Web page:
Icelandic Online is a series of self-directed, distance learning courses in Icelandic as a foreign language, open to everyone free of charge. The web-based courses are designed for different skill levels, from beginners to more advanced learners, from level A1 to level C1 on the CEFR scale. CEFR stands for Common European Framework of Reference for Languages, and is used to standardise levels of language ability. The courses are intended for use by university students in Iceland and abroad, for scholars and others interested in Icelandic language and culture. The introductory Survival Course is for persons just beginning their study of Icelandic, who are living and/or working in Iceland.
Icelandic Online courses form a continuous programme of study, based on visual and interactive study material. Each course corresponds to 45-90 hours of study. The course material trains the student in Icelandic grammar and vocabulary, in listening and using the language, for instance, through interactive exercises. The vocabulary and grammar components are adapted to the needs of beginners/each level. The language of instruction is English. You can access the courses on your computer or smart devices.
The course material is also used in distance education by the University of Iceland Language Centre. In addition, the course material is used elsewhere in university instruction and language courses.
At year-end 2019 there were around 230,000 registered users and around 77,000 active users.
In 2000, the Icelandic department of the University's Faculty of Humanities and the Sigurður Nordal Institute began joint efforts to establish a website on Icelandic language and culture. The Ministry of Education provided a grant of ISK 2 million for the project that autumn. Among the items that were to be included on the web were teaching materials in Icelandic for foreigners. In 2001, the Icelandic department, the Sigurður Nordal Institute and the Centre for Research in the Humanities received a grant from the Icelandic Research Council to develop online teaching material for Icelandic as a foreign language The University’s Teaching Fund also provided a contribution for the project. A project management was appointed, directed by professor Birna Arnbjörnsdóttir, who was an initiator of the project. Úlfar Bragason, Director of the Sigurður Nordal Institute, was also a member of the project management team. A linguist and computer specialist, Patrick Thomas, was the technical advisor for the project from its inception, while Kolbrún Friðriksdóttir MA initially did most of the work compiling the teaching material itself, with the assistance of others.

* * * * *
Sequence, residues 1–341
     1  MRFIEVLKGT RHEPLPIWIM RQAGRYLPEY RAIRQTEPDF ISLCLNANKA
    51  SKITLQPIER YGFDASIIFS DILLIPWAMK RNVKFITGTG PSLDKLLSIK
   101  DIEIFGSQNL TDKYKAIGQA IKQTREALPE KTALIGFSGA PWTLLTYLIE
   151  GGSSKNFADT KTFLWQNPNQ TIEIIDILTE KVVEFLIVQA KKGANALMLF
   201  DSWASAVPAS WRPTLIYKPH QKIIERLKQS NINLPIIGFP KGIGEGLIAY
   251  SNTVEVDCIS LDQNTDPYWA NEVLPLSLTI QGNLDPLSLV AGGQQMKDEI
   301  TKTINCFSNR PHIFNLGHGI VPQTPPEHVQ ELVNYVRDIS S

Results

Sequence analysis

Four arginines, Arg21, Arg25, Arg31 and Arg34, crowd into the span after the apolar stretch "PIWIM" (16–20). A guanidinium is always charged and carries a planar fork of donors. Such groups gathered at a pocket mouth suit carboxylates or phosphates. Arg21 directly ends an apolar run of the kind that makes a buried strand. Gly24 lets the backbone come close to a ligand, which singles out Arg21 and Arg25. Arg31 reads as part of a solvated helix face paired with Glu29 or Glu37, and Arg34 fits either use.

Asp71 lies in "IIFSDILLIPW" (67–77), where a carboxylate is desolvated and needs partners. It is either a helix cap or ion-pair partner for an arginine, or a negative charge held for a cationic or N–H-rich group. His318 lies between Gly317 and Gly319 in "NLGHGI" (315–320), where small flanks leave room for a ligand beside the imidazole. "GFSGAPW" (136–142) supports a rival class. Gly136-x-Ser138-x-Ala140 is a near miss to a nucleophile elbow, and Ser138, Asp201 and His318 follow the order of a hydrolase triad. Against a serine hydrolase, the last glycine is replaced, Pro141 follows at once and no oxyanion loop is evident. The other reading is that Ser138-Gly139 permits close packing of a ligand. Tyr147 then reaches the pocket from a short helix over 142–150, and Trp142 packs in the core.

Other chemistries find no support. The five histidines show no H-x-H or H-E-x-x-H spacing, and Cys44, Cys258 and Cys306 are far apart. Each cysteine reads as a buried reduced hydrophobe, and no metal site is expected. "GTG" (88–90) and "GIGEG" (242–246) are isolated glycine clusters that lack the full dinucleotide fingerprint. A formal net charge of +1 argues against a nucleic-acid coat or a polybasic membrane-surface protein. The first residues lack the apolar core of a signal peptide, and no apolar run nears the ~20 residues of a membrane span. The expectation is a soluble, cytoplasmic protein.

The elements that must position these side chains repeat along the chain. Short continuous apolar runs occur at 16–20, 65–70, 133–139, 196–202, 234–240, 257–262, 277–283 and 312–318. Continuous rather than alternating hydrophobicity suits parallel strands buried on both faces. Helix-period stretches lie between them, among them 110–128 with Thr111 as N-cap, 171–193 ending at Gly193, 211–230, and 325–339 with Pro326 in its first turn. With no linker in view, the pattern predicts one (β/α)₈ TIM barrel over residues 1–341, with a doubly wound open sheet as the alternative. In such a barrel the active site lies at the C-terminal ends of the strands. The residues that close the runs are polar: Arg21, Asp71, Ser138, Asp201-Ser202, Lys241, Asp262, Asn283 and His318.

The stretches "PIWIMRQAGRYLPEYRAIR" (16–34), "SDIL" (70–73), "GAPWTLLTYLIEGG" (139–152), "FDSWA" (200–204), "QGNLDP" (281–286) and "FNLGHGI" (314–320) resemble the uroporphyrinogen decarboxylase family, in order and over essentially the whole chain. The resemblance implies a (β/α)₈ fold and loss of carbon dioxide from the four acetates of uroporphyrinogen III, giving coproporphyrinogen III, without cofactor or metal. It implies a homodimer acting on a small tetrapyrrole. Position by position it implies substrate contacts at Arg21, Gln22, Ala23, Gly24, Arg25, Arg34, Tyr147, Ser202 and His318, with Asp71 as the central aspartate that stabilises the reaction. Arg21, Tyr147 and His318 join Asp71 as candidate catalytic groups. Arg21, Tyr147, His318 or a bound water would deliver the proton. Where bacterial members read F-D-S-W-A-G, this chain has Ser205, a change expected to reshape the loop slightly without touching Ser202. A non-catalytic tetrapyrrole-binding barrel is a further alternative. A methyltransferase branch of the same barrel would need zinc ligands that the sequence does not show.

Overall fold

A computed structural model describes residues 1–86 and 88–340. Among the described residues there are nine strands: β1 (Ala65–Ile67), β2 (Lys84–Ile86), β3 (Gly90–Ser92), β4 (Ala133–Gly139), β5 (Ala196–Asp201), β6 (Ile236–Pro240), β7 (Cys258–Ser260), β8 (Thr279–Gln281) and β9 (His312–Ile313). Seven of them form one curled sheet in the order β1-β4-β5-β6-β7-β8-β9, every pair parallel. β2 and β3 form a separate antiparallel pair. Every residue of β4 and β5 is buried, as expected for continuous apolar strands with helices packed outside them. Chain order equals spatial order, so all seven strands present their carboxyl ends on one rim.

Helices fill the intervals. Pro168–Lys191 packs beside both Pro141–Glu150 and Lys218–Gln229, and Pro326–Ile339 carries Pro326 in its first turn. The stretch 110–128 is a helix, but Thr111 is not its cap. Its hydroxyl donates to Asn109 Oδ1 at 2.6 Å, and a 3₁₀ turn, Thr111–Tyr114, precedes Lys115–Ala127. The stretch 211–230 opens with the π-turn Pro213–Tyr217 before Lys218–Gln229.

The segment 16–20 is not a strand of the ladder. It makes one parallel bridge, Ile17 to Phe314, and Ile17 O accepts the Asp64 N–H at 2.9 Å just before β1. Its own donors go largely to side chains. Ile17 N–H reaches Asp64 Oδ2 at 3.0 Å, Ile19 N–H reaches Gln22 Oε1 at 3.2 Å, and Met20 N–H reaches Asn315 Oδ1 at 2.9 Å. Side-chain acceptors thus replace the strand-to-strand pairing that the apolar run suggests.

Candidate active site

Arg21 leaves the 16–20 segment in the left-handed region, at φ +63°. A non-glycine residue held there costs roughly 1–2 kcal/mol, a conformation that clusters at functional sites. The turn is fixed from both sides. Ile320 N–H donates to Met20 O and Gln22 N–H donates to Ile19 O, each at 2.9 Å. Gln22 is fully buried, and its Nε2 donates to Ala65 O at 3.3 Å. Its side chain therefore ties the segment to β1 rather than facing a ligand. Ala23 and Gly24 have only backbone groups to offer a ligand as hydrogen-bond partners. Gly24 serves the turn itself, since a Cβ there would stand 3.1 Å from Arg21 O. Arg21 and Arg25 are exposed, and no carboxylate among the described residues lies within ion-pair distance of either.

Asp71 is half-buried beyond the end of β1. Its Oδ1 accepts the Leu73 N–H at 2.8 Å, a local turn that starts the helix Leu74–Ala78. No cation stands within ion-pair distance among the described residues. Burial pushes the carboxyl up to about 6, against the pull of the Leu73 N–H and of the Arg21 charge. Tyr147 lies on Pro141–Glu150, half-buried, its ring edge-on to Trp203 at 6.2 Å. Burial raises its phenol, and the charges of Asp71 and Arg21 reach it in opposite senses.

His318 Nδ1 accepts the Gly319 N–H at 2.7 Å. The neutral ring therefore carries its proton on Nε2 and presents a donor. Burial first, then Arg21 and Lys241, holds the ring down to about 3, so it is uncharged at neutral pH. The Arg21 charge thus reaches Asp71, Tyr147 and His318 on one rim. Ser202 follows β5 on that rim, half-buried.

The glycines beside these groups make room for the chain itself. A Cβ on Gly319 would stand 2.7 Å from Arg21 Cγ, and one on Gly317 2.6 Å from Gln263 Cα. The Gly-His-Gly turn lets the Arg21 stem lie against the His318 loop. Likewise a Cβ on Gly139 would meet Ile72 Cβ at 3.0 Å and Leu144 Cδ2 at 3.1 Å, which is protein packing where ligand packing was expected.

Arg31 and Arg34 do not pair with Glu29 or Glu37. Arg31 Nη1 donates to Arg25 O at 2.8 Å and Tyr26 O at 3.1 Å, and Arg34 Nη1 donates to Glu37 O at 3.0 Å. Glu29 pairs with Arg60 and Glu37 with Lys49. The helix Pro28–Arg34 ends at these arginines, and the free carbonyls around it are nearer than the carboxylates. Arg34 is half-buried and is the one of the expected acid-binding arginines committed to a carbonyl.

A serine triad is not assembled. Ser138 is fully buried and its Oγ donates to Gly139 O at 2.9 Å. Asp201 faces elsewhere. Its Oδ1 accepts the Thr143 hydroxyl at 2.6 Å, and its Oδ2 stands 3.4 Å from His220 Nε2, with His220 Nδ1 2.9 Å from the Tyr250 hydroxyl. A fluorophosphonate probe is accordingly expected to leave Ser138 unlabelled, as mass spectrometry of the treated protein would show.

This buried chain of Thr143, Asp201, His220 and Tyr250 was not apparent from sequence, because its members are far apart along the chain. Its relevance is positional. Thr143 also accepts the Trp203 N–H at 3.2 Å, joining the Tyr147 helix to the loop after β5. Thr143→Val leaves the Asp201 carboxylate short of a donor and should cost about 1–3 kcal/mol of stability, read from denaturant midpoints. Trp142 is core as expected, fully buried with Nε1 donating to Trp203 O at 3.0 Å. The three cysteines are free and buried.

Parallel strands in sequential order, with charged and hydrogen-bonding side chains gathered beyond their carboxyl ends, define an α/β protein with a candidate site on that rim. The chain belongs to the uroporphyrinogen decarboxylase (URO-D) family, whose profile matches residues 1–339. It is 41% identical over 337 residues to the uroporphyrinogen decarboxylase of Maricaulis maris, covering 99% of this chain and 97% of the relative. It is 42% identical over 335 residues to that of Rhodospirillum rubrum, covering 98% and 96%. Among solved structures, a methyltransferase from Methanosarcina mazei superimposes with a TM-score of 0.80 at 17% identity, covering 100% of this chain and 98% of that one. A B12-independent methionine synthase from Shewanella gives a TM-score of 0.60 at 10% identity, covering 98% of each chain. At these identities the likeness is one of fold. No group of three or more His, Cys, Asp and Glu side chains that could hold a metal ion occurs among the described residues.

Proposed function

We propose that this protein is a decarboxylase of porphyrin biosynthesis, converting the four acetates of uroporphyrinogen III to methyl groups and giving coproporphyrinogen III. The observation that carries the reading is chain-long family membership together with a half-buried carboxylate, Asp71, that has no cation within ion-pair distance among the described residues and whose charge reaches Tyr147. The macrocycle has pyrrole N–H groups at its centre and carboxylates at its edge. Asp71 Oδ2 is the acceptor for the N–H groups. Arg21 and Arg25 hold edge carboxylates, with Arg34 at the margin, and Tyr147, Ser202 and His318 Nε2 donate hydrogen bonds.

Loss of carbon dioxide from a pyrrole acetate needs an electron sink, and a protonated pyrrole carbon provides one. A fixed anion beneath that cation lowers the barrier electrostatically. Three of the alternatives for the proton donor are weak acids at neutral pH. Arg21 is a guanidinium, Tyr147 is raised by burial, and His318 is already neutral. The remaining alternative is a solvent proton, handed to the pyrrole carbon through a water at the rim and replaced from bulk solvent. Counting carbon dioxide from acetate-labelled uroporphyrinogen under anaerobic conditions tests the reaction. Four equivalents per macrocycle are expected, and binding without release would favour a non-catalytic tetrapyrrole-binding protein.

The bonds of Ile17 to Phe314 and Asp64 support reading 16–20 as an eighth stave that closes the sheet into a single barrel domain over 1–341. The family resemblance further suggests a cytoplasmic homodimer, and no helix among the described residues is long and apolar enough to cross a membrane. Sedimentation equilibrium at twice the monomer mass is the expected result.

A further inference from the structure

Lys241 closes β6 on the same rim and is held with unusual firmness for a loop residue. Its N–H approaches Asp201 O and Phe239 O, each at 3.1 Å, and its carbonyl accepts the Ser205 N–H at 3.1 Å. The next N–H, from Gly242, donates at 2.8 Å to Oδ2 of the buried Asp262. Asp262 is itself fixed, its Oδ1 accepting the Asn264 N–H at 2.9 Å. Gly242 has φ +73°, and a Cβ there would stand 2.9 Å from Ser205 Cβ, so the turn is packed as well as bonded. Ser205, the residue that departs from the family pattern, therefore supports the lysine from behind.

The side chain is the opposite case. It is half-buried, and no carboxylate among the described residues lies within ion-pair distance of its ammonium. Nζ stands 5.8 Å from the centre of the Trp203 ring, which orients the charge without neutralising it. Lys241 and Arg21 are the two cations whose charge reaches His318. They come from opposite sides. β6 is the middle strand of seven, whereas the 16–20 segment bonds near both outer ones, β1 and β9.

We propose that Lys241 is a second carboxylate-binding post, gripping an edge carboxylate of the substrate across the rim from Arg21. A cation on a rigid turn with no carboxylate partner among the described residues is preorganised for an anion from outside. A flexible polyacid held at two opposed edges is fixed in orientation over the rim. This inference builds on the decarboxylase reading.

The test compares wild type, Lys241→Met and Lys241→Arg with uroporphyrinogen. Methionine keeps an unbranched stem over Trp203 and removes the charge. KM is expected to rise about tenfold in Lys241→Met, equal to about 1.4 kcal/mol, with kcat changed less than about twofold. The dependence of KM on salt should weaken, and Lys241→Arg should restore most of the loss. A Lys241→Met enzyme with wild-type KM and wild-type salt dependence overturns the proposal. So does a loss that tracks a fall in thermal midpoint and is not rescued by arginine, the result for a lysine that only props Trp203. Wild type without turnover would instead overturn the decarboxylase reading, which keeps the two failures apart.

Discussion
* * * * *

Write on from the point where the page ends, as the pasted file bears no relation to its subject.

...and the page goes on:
Collaboration was established with the University of Wisconsin at Madison to realise the project. Professor Dick Ringler served as that university's representative. Work then continued on the teaching materials, primarily in Iceland, while the University of Wisconsin focused on the preparation of an electronic Icelandic-English dictionary linked to the instructional material. In addition, co-operation was established with five universities in four European countries: in Copenhagen, Berlin, Munich, Lyon and London, where Icelandic was then taught with the support of the Icelandic government. Icelandic lecturers at these locations both worked on the course material with project staff in Iceland and had their students test the study material. The EU Lingua Programme provided substantial financial support for the project.
The first part of the online course Icelandic Online 1 was ready in August 2004 and was formally opened by then Minister of Education, Þorgerður Katrín Gunnarsdóttir. The second part, together with Icelandic Online 2, was ready in 2005. These courses are intended for beginners at the tertiary level.
The online study courses are compiled based on research into the Icelandic language and online language teaching. They have been developed in collaboration between teachers and students at the University of Iceland and the partner universities. Furthermore, the intention has been right from the beginning, with the help of a course-related monitoring system, to launch research on acquiring Icelandic as a foreign language through online instruction and on the learning behaviour of students. This research should also provide better insight than is currently available as to how adults learn highly inflected languages such as Icelandic.